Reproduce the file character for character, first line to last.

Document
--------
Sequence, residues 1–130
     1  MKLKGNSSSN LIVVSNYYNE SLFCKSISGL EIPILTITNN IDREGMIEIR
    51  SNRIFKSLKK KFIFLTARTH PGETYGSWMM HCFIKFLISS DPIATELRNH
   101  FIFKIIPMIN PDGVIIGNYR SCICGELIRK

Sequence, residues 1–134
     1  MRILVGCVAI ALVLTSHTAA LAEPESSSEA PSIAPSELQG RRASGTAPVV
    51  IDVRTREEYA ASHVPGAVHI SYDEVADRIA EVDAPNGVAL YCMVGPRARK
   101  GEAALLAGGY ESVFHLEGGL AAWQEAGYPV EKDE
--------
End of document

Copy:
Sequence, residues 1–130
     1  MKLKGNSSSN LIVVSNYYNE SLFCKSISGL EIPILTITNN IDREGMIEIR
    51  SNRIFKSLKK KFIFLTARTH PGETYGSWMM HCFIKFLISS DPIATELRNH
   101  FIFKIIPMIN PDGVIIGNYR SCICGELIRK

Sequence, residues 1–134
     1  MRILVGCVAI ALVLTSHTAA LAEPESSSEA PSIAPSELQG RRASGTAPVV
    51  IDVRTREEYA ASHVPGAVHI SYDEVADRIA EVDAPNGVAL YCMVGPRARK
   101  GEAALLAGGY ESVFHLEGGL AAWQEAGYPV EKDE